The Turkish group at the heart of the Gaza flotilla affair

A Turkish NGO has come under scrutiny after organising the aid flotilla that was targeted in an Israeli raid Monday that left at least nine people dead as the boats looked to defy an Israeli embargo on the Hamas-ruled Gaza Strip.


The Turkish organisation at the heart of the international debate over an Israeli raid on a fleet of aid boats on Monday that left at least nine people dead has raised doubts among some observers who question whether the group is a simple humanitarian aid NGO or an active supporter of terrorism. 

The Foundation for Human Rights, Freedoms and Humanitarian Relief (IHH) presents itself as an Islamic organisation whose goal is to provide assistance and support to Muslims in conflict zones. It is very active in the Palestinian authorities and even has a branch in Gaza.
outrage follows ship raid

The group was founded in Turkey in the 1990s to come to the aid of Bosnian Muslims who fell victim to the wars following the dissolution of Yugoslavia. In the years since, IHH convoys often succeeded in reaching conflict zones once considered inaccessible, such as Chechnya and remote areas of Afghanistan or Iraq.

The Turkish authorities have long harboured suspicions that there could be something more sinister lurking behind the group’s humanitarian façade. In several raids on the group's offices beginning in 1997, they discovered weapons and leaflets that would seem to indicate that certain members at least, under the cover of the group’s aid missions, had joined the combatants in Bosnia or Chechnya.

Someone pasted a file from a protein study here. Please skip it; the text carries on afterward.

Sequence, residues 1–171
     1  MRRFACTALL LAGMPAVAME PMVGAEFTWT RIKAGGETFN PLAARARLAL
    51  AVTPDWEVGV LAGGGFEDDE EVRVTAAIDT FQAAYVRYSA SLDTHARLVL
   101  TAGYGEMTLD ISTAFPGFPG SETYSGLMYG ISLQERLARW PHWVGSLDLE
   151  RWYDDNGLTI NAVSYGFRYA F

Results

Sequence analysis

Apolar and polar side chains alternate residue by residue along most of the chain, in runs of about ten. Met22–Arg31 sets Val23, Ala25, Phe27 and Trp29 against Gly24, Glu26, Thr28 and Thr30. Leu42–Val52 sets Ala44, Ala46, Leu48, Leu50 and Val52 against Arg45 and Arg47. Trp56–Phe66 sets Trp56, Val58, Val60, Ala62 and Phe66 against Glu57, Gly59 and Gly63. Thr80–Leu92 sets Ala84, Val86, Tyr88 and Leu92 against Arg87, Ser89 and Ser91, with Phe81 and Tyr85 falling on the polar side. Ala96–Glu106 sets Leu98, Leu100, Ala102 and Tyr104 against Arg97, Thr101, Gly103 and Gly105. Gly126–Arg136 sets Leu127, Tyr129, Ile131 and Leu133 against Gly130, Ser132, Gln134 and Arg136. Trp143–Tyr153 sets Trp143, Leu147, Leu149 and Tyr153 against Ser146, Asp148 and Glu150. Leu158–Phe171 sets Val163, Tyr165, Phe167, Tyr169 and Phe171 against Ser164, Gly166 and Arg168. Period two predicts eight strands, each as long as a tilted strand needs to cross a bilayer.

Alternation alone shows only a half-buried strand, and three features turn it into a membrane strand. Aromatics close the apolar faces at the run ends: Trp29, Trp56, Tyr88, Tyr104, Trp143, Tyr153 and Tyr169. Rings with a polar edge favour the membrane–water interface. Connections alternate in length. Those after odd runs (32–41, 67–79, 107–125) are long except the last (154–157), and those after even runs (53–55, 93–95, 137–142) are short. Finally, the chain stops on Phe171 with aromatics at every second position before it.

Jean-Louis Bruguière, a French judge specialising in anti-terrorism matters, has followed the group’s activities closely. In a 2006 report by the Danish Institute for International Studies on the role of Islamic charities in terrorist recruitment, US terrorism expert Evan F. Kohlmann noted that Bruguière had suspected IHH chief Bulent Yildrim of “recruiting for Jihad”. During the 2000 Seattle trial of Ahmed Ressam on terrorism charges, Bruguiere said the IHH was nothing but “a cover that allows mujahedeens to join the front in Afghanistan”.
The allegations, however, never stopped the group from operating from its base in Turkey. The group enjoys good relations with the moderate Islamic ruling party, the Justice and Development party, or AKP. In 2009, IHH organised several fundraisers for the Palestinian cause in villages under the sway of the AKP.
And Monday was not the first time the IHH had organised an aid convoy bound for the Gaza Strip. Just a little while before the group’s “Free Gaza” flotilla left on its attempt to defy the Israeli embargo on the Hamas-ruled enclave, Yildrim said at a press conference that the fleet would provide a “test” for Israel.



Video fragment by the Isreali military of the raid on a Gaza-bound aid ship on May 31, 2010, with added commentary by the IDF.

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